Strategic Uses of Information Systems

This week we examine the strategic uses of information systems, primarily as a tool for gaining competitive advantage. The outline presented here is intended to help point out important topics and terms. It is not intended to replace lecture (or reading the chapter). If you are following along in the text, this topic is covered in chapter two.

Objectives

Terms used in chapter 2

These terms are listed in roughly the order encountered in the text.

Strategic Information Systems (SIS)

SIS are generally differentiated from other BIS because they are used to seize opportunities rather than just solve problems. SIS are often used to try to gain a strategic advantage over rivals, leading to a competitive advantage in the market. SIS may also be used to enter new markets. It is also important to remember that gaining a competitive advantage is not a static, unchanging event. Competitors will almost certainly seek to reduce, eliminate, or reverse any competitive advantage you have. Maintaining a competitive advantage is an ongoing process.

Eight ways to gain competitive advantage

Questions involving development of an SIS

Copyrights, patents, and the DMCA

Competitive advantage is a moving target. Once a competitive advantage has been achieved, action must be taken to maintain it or competitors will quickly try to eliminate it. One of the techniques used by organizations to prevent competitors from catching up is to protect what is know as "intellectual property". The primary vehicles for such protection are trade secrets, copyrights, and patents. Copyrights and patents give the claim holder exclusive rights to a concept, idea, or product for a length of time. During that time, the claim holder can prevent competitors from using the protected concepts, ideas, or products.

Copyrights and patents have become a controversial subject in recent years. Governments have been increasingly strengthening copyrights and patents. At the same time it has become clear that many copyrights and patents have suppressed innovation. This has led many to question what the real purpose of "intellectual property" laws are and should be. The DMCA (Digital Millennium Copyright Act) has become a focal point of this argument by making many formerly legal activities involving copyrights into criminal acts. Expect to see questions on this topic in the discussion forums.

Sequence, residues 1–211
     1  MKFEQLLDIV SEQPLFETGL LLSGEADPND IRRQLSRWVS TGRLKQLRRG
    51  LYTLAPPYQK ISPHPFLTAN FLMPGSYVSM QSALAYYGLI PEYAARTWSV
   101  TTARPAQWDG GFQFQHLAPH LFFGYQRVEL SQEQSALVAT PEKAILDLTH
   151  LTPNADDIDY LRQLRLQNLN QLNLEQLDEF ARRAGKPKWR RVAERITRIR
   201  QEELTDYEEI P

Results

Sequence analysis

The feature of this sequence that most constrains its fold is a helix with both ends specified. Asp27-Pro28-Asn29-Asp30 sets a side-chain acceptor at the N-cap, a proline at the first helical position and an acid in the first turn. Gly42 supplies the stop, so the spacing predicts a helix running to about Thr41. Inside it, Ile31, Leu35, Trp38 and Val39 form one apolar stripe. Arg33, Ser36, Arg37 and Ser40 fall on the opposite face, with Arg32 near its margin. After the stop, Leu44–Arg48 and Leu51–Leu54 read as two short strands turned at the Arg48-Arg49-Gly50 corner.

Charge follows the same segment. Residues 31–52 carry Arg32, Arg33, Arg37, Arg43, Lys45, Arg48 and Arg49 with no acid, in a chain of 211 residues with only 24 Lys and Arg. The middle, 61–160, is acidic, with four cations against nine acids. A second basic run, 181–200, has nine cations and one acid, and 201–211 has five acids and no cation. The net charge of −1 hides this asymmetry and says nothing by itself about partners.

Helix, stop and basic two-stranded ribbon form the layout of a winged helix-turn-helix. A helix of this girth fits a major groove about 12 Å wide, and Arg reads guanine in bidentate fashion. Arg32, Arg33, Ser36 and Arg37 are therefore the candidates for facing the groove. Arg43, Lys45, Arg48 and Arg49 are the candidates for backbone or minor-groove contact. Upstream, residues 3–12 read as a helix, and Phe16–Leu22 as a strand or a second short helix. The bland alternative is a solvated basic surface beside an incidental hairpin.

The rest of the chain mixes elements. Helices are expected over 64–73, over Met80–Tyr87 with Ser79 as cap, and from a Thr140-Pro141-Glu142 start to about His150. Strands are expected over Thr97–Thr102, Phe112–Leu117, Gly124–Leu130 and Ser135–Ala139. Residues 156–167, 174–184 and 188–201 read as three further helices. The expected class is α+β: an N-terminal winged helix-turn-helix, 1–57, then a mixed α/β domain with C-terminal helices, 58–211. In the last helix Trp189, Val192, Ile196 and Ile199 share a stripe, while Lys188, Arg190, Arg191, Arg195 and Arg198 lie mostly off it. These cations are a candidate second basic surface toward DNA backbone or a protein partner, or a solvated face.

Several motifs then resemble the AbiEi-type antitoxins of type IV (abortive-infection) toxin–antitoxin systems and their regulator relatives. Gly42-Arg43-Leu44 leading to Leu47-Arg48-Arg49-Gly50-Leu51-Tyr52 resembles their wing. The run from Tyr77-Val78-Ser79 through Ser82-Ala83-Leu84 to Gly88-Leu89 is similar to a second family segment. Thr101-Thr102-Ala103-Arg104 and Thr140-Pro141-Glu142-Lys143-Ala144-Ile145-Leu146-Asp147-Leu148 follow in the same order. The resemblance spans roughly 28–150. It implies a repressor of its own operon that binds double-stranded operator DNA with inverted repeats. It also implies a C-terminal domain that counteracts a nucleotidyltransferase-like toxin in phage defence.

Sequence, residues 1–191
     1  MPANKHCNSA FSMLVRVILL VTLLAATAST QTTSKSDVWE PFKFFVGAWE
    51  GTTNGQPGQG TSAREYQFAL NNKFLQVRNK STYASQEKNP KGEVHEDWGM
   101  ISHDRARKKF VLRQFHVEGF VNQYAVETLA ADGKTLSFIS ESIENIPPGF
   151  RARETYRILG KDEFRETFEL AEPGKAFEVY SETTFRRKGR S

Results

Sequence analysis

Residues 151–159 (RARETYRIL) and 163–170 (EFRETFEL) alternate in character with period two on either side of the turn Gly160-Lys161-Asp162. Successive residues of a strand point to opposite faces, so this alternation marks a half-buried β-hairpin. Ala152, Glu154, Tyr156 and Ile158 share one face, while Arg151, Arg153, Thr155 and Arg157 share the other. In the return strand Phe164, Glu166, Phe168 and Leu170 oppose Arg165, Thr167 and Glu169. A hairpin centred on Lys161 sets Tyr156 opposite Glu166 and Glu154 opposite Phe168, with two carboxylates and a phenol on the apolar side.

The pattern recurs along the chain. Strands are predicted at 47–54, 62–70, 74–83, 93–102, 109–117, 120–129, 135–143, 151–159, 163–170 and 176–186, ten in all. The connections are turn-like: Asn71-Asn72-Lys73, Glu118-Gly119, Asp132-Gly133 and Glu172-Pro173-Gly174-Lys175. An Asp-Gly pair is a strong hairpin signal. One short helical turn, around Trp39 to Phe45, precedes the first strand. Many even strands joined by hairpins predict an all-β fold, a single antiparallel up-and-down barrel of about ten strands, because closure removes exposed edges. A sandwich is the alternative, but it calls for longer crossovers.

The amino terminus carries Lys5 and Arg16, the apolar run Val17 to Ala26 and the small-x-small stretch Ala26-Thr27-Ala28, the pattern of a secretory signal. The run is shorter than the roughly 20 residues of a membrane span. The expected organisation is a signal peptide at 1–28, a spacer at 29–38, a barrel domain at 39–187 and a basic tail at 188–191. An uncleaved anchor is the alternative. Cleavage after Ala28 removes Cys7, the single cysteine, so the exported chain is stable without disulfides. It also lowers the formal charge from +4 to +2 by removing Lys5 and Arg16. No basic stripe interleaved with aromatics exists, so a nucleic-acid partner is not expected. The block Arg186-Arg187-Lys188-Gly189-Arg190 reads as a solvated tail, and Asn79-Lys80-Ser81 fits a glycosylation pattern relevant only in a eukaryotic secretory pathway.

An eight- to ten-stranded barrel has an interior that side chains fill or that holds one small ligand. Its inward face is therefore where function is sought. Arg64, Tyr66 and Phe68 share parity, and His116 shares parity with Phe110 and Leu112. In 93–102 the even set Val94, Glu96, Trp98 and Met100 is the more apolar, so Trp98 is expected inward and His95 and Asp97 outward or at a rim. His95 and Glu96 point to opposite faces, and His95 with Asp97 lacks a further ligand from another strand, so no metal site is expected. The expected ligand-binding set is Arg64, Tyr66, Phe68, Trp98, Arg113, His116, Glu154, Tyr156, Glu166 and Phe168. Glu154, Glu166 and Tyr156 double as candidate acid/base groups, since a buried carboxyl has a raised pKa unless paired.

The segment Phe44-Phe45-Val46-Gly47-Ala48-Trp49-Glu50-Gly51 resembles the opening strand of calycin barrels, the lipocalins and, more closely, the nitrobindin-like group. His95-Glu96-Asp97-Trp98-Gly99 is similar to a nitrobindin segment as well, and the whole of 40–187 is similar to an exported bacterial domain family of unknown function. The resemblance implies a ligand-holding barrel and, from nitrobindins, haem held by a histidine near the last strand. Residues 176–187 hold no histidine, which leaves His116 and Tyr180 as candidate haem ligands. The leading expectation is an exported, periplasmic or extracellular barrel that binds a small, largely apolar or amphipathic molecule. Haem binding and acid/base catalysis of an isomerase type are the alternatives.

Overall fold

Design by buzzword

If you stay in the IT field you will always hear about the latest and greatest trends. Just as in retail, "new" sells. That's one reason why it is easy to get everyone excited about being up-to-date and using all the new "buzzword" technologies. Unfortunately, it is also often the case that tried-and-true older technologies are a better choice for many solutions. Beware of the "buzzwords".

Closely associated with such buzzwords are jargon. Jargon is used in most professions for a few reasons. First, jargon helps to communicate ideas very quickly and accurately without the need for going into detail. Second, jargon signals that the people engaged in discussion are fluent enough in the given field to use jargon. Third, jargon is sometimes used by people in the field to discourage outsiders from asking questions. This may be due to annoyance, or sometimes because the outsider has asked a question the "expert" should know but doesn't. In this case the use of jargon is a defensive measure by the expert.

Rockwell Automation's Retroencabulator sales video is a good example of the use of jargon.